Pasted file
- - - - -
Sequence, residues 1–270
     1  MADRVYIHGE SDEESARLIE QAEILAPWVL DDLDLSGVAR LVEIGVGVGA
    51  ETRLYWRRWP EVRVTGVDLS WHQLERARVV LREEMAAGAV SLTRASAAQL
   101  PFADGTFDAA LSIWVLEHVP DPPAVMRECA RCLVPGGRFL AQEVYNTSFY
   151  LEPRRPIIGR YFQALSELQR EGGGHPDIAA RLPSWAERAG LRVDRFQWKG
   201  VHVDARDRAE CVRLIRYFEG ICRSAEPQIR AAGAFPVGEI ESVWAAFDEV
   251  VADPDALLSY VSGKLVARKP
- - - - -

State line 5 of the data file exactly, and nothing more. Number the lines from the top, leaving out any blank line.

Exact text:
   151  LEPRRPIIGR YFQALSELQR EGGGHPDIAA RLPSWAERAG LRVDRFQWKG